I’ve been absent from the public eye for nearly four months, involved one of the most comprehensive examinations of voting information since 2005. I analyzed a sequential set of 80 voter history lists, 1,000 electronic poll book reports, a dozen master electronic poll book records, 50 participating voter lists, internal worksheets on purges, transaction logs for updates and changes in voter lists, user guides, correspondence and staff training materials. The findings will help citizens oversee the 2012 election. My five-part report for citizen oversight of WHO CAN VOTE / WHO DID VOTE will be released at http://www.blackboxvoting.org, one major report per week, throughout the month of September 2011.
Four things the public must be able to see and authenticate:
1. Who can vote (the voter list)
2. Who did vote (participating voter list)
3. Chain of custody
4. The count
In what I believe is a truly pioneering evaluation, I’m going to take the public inside crucial parts of the voter list system — the lists
that dictate who can vote, and the lists that report who did vote (the
crucial check and balance which MUST MATCH the number of votes cast.)
In 2008, actor Tim Robbins went to vote in the presidential election and was told he was not registered. Only after repeated and firm assertion that he had registered to vote, and a considerable delay, was he allowed to vote. What happened? I have uncovered data that shows exactly how this situation can happen, and why it is likely to happen again in the 2012 presidential election unless simple steps are taken to resolve a widespread issue.
In Wisconsin, citizens who checked their voter records found them to be inaccurate. The histories reported that they had not voted in elections when they had; that they had voted absentee when they had not. (But who cares?) Your voter history is used to determine whether to keep or purge you from the rolls. Your vote method history (absentee, early, at polls) needs to MATCH the election results record. In other words, the number of absentee votes must MATCH the number of people in the voter history who voted absentee. Inaccurate voter histories will produce wrongful purging. Participating voter lists that don’t match number of votes violate one of the most crucial safeguards against vote count tampering.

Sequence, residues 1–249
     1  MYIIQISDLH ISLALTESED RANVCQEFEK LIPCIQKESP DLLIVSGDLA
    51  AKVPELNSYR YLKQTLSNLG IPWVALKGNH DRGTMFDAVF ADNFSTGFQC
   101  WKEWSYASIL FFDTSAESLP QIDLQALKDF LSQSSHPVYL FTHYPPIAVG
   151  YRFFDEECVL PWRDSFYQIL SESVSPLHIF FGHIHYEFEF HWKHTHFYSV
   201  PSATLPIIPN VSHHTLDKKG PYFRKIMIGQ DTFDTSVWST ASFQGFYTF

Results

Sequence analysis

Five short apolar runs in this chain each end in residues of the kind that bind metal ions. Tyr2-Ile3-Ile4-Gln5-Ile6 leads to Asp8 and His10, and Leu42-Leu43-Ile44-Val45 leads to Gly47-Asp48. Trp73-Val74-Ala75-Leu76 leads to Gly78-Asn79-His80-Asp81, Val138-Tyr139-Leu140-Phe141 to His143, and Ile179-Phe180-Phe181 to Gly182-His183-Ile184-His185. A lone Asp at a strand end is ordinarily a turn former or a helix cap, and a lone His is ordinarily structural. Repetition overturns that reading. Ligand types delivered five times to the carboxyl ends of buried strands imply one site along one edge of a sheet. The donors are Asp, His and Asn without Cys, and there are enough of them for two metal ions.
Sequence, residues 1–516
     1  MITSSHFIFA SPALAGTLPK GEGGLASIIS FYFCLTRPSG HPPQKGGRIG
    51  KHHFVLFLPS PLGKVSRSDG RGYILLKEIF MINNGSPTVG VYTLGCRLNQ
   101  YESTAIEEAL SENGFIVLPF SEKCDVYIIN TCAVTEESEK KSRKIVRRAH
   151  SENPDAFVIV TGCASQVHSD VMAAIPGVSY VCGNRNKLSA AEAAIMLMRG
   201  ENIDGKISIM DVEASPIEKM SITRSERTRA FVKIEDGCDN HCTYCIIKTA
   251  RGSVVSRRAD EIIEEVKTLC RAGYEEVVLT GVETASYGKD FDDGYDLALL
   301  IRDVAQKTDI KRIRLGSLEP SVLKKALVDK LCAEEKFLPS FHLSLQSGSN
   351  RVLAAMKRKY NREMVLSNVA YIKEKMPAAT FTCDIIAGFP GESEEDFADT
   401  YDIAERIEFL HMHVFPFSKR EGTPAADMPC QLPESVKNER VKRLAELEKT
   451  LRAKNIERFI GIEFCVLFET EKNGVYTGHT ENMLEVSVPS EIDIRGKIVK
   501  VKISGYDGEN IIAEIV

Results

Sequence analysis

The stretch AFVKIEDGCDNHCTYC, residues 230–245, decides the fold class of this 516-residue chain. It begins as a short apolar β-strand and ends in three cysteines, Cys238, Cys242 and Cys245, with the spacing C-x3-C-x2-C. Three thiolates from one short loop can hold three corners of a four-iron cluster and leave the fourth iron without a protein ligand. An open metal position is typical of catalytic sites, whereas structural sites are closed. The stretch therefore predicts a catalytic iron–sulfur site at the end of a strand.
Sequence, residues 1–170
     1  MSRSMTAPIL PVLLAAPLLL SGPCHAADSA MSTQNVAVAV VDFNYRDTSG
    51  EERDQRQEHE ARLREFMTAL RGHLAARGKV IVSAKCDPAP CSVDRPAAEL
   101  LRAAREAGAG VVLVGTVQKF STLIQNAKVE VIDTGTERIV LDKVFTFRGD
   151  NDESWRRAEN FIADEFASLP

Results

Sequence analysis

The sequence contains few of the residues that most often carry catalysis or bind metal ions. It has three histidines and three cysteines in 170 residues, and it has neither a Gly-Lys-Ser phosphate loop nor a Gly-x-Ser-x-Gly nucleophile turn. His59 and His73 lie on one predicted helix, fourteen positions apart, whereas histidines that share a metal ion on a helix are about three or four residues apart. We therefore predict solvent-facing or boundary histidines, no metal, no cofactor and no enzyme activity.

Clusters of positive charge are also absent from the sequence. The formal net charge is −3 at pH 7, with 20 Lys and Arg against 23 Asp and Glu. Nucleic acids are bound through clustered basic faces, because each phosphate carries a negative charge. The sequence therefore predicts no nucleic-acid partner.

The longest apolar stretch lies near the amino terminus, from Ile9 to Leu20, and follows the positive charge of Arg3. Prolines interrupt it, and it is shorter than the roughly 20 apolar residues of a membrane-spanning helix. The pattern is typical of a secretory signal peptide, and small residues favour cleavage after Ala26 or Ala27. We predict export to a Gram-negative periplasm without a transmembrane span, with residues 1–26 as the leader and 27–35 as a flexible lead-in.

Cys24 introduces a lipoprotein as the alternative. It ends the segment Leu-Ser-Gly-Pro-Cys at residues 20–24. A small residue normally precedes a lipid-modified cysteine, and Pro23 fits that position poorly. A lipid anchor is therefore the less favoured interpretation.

Voter lists have to be updated, with changed addresses and so forth; how do such actions put you at risk for wrongful purging? I have located specific areas where procedural protections need to be added in order to prevent voter updates from producing wrongful purges. And what about “rightful purging”? The Help America Vote Act required cleansing of voter lists, which became a controversial political talking point. I’ll show you just how cluttered with duplicates the voter lists had become, and the immense job it was to clean them up.
Demographics are often cited to support or negate election results. The Voting Rights Act of 1965 contains provisions for tracking racial demographics in locations with a history of problems. These “Voting Rights” locations, by federal law, track the number of Black voters (and sometimes Hispanic, Asian or other minority groups). But are the reported demographics accurate? I found that these demographics are becoming increasingly inaccurate in at least one racially polarized county. Yet the demographics are frequently cited to tell the public the electronic count must be accurate because it “matches the demographics.” (What does that statement mean if the demographics are inaccurate?)